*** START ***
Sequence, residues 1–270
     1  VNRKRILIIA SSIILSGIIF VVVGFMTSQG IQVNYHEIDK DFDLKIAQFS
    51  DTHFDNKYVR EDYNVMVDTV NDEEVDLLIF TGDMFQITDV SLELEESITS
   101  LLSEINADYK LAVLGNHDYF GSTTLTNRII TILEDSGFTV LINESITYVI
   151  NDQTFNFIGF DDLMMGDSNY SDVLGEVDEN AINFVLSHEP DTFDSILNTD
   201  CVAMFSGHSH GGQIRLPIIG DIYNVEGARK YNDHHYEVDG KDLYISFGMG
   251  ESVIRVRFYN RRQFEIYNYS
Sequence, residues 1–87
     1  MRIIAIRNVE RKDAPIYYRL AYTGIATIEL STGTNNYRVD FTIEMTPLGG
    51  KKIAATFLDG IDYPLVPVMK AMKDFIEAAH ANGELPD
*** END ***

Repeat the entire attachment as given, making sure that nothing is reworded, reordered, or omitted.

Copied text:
Sequence, residues 1–270
     1  VNRKRILIIA SSIILSGIIF VVVGFMTSQG IQVNYHEIDK DFDLKIAQFS
    51  DTHFDNKYVR EDYNVMVDTV NDEEVDLLIF TGDMFQITDV SLELEESITS
   101  LLSEINADYK LAVLGNHDYF GSTTLTNRII TILEDSGFTV LINESITYVI
   151  NDQTFNFIGF DDLMMGDSNY SDVLGEVDEN AINFVLSHEP DTFDSILNTD
   201  CVAMFSGHSH GGQIRLPIIG DIYNVEGARK YNDHHYEVDG KDLYISFGMG
   251  ESVIRVRFYN RRQFEIYNYS
Sequence, residues 1–87
     1  MRIIAIRNVE RKDAPIYYRL AYTGIATIEL STGTNNYRVD FTIEMTPLGG
    51  KKIAATFLDG IDYPLVPVMK AMKDFIEAAH ANGELPD